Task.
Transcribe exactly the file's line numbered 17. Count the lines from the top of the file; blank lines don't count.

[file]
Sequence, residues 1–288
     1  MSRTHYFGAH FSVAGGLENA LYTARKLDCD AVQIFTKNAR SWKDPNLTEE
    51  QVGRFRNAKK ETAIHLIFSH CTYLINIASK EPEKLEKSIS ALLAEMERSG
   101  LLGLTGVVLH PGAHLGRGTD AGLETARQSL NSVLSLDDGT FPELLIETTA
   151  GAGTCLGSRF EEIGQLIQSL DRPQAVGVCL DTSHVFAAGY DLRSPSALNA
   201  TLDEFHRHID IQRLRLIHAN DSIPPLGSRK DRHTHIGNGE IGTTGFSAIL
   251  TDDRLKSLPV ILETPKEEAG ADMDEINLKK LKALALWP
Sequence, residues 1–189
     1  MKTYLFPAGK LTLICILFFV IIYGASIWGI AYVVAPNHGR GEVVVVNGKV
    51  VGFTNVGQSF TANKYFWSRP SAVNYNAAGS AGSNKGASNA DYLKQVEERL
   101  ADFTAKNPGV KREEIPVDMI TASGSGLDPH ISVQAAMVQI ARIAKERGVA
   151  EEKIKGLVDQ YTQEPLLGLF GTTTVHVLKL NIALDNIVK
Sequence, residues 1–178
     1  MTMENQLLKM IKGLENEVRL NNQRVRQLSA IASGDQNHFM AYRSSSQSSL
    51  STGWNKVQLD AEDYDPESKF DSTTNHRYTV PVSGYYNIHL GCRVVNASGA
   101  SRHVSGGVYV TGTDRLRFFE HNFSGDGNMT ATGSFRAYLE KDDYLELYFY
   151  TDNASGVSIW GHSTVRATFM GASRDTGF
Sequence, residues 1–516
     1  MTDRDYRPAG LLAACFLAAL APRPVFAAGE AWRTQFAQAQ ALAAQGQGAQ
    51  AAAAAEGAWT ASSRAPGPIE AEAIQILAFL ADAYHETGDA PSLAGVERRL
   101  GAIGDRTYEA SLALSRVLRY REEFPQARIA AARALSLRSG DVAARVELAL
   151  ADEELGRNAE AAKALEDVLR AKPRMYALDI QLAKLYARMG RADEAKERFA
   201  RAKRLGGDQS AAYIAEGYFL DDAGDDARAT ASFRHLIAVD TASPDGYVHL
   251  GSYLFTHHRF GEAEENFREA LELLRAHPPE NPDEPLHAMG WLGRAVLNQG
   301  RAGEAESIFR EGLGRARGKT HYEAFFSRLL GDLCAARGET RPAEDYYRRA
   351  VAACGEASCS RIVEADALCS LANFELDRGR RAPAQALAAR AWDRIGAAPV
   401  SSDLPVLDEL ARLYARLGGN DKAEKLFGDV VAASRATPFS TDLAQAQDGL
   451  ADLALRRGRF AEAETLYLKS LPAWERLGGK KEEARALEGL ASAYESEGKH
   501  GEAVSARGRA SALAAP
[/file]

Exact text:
   151  TDNASGVSIW GHSTVRATFM GASRDTGF